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THE RAID *****
Directed, written, edited by Gareth Huw Evans. Starring Iko Uwais, Joe Taslim, Donny Alamsyah, Yayan Ruhian, Pierre Gruno, Tegar Setrya, Ray Sahetapy. Indonesia, action/martial arts, TBC mins, cert TBC.
Released on UK screens on the 18th of May by Momentum Pictures.
Put on your crash helmets ladies and gentlemen, because Indonesian action film The Raid is coming. If you aren’t prepared, it will kick your teeth so far down your throat that getting a filling will require the services of a proctologist.
In the slums of Jakarta is a forbidding apartment block. A haven for drug dealers, junkies, gangsters and a few poor individuals with nowhere else to go. The building is wired with surveillance cameras and alarms, each floor guarded by lookouts. Lording over all is gang-lord Tama safe behind an armour plated door on the 15th floor. The building is a virtual fortress.
That is until a SWAT team arrive to assist a cop in infiltrating the building, climbing to its apex, and capturing Jaka with extreme prejudice. The team is heavily armed and trained. What resistance can the occupants of a slum offer up? Quite a bit as it turns out. The raid goes spectacularly off track very early on. The surviving SWAT officers find themselves trapped in 15 stories of pain, suffering and death, fighting for survival room by room against seemingly endless hordes of machete wielding nutters.
The Raid’s star is Iko Uwais playing a young rookie SWAT team member with awesome fight skills. An early dust up sees Uwais demolish about a dozen assailants in a tight corridor. Every part of his body seems to be lethal, feet, knees, elbows, hands, head. While Uwais moves with stunning grace, his fights never seem to be easy. You completely believe that this is a man fighting for his very life. He bleeds, a lot. It’s just as well Uwais is such an amazing fighter, because Tama’s chief enforcer Mad Dog (as played by the diminutive Yayan Ruhian) is the most terrifying kick arse bad guy since Bolo Yeung in Enter the Dragon. Mad Dog hates to use guns, preferring to beat opponents to death with his bare hands and his skills are amply demonstrated during the film.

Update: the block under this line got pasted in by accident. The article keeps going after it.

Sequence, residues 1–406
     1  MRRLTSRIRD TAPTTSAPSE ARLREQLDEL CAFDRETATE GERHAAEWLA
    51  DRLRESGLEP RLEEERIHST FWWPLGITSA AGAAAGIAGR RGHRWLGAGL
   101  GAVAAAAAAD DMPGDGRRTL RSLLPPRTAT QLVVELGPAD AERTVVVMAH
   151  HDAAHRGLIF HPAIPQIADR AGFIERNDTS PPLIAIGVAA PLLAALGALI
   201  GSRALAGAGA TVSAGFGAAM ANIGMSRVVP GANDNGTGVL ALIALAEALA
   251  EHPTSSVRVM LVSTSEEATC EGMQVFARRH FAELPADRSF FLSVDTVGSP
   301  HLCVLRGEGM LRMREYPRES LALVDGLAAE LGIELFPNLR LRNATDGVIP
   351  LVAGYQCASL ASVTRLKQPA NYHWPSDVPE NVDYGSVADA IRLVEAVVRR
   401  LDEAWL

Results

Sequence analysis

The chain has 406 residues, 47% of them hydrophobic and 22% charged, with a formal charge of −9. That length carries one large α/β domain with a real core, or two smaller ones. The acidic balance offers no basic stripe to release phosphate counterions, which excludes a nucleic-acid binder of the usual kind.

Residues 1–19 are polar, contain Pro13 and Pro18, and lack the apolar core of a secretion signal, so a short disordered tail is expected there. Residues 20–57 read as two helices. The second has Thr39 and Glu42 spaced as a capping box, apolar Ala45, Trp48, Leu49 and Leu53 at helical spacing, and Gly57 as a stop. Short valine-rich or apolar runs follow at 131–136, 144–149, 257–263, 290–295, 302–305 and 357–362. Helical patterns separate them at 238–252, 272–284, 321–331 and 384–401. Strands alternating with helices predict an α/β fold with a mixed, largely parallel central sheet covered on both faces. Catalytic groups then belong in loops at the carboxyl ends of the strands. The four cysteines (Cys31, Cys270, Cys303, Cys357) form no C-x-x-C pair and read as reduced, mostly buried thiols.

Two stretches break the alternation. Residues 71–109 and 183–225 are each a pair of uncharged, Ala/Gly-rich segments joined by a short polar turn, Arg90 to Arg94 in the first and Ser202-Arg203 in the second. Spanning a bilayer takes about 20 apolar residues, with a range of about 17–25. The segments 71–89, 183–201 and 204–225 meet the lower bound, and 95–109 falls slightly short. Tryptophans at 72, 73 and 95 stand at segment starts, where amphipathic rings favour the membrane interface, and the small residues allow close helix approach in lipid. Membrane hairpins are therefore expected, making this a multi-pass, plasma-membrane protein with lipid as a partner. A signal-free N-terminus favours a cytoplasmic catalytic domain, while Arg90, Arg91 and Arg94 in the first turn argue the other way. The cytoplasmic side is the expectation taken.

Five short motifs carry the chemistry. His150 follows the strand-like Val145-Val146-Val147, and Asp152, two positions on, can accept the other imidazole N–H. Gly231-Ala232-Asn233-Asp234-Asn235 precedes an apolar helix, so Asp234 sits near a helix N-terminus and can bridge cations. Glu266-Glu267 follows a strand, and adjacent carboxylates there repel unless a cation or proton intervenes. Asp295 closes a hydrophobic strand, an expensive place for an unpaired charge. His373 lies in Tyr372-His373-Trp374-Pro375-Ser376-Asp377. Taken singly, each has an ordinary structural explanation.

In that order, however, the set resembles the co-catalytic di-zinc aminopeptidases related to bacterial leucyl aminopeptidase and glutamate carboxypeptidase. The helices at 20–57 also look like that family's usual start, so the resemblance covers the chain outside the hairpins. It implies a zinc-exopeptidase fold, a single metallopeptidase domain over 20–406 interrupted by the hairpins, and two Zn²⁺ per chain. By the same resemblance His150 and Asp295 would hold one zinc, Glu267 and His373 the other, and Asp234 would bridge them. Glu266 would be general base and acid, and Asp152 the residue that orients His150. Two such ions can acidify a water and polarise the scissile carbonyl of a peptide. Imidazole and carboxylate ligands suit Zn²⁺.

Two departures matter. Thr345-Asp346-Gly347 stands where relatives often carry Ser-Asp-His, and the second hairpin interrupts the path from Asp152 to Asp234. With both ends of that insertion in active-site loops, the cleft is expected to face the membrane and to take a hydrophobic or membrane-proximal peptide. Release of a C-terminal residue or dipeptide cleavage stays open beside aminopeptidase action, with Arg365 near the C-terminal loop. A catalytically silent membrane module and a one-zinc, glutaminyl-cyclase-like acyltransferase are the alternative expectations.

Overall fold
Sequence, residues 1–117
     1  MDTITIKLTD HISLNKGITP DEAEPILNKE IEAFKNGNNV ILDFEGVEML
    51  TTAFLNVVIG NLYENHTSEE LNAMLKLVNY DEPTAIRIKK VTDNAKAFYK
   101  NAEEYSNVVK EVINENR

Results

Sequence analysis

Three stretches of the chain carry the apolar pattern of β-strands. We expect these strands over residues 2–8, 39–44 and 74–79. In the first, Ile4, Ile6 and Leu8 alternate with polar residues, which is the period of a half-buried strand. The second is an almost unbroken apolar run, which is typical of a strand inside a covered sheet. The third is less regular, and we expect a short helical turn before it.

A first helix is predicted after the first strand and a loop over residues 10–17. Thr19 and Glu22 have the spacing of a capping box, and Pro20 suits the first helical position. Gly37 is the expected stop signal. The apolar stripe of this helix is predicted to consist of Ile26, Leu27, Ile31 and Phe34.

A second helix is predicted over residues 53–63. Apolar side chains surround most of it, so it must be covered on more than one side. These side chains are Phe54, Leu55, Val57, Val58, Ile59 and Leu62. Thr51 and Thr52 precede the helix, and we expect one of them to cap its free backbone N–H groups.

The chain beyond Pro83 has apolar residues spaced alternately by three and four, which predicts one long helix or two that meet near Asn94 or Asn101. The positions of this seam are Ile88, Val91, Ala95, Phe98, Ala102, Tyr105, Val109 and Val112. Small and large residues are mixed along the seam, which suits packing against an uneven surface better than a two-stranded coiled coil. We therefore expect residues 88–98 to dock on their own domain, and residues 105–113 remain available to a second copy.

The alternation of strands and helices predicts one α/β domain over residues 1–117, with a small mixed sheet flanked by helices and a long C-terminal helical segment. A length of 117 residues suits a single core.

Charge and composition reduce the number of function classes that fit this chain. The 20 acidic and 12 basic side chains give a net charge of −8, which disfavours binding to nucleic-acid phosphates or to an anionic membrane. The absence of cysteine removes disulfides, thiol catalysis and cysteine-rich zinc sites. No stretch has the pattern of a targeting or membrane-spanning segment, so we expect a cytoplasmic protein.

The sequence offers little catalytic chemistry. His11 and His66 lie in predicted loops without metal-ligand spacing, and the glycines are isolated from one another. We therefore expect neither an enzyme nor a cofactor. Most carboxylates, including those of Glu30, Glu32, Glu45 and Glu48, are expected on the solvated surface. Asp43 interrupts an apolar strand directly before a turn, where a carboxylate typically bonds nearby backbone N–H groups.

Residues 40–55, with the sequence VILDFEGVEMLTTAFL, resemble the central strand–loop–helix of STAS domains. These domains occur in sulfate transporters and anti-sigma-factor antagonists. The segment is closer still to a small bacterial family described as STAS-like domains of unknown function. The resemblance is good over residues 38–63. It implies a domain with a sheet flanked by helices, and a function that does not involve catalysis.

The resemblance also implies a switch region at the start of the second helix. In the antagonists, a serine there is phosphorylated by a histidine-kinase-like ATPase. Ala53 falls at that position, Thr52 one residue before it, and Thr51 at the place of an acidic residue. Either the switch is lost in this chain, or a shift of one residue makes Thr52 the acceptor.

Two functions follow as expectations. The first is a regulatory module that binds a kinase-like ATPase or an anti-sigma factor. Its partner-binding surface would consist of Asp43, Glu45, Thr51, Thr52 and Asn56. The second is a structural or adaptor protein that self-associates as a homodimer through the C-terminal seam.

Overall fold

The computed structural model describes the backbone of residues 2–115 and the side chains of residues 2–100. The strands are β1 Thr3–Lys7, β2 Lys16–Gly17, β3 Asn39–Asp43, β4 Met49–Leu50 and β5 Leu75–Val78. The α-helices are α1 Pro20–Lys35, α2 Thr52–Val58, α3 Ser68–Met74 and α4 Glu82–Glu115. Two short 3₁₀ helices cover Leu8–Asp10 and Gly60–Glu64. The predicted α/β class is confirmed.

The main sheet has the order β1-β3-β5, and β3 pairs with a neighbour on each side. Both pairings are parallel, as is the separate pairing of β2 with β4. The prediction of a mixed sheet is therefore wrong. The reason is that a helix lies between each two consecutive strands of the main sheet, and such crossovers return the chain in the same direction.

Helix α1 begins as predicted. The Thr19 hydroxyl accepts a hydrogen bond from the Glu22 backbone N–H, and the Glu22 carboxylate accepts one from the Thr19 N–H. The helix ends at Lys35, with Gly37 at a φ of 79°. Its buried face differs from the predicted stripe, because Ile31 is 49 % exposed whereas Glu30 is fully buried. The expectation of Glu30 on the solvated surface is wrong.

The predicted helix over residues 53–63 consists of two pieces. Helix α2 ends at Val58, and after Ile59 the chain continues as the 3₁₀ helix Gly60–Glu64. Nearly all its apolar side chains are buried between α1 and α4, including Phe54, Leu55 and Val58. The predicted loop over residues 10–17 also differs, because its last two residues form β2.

The Raid wears its influences proudly, the plot is reminiscent of classic John Carpenter thrillers Assault on Precinct 13 and Escape from New York, the kinetic shoot-outs bring to mind Hong Kong heroic bloodshed in its John Woo heyday, but the martial arts on display are truly in their own class. Writer/director Evans, a Welshman who has made several films in Indonesia, has crafted a pulp masterpiece. His plot is lean and very, very mean. His characters express themselves through action - an early scene involving a hammer fully establishes Tama as a truly loathsome villain. Evans staging of action is intricate, innovative, and stylish whilst always serving to show off the incredible skills of his lead actors. Obvious wire work or CGI enhancement is avoided, in its place bone splintering fight scenes that flow like ballet, but feature wince inducing use of blades and blunt instruments. Rivers of blood run down the corridors of the slum.
The Raid is an action film, but like Assault on Precinct 13 in particular, it has an edge of horror. One stunningly suspenseful scene, in which Uwais tries to hide an injured colleague could have been directed by Sam Raimi. The numerous ways in which people are dispatched in the film have Jason Vorhees’ inventiveness. Bodies are shot, stabbed, chopped, broken, leading to audible gasps, winces and occasional awestruck laughter from the audience of jaded film journos I saw it with.
The Raid is both exhilarating and exhausting, and it is very much not for the squeamish. When the credits roll you will feel like you just spent a few minutes in the ring with Mike Tyson. Exceptional, the best martial arts film since Ong Bak, and a strong contender for action film of the year.
NOTE: at our screening we saw the international festival print. On release the film will feature a new score from Linkin Park’s Mike Shinoda. Apparently he was so impressed by the film he offered his services gratis. By all accounts this is the only change. Of course it still has to be classified by the BBFC. Once this movie would have been cut to ribbons, now it should pass uncut at 18.
Sturart Barr. Review published jointly with Screenjabber.com
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REVIEWS BY FANS FOR FANS
5 STAR FAB - 1 STAR RUBBISH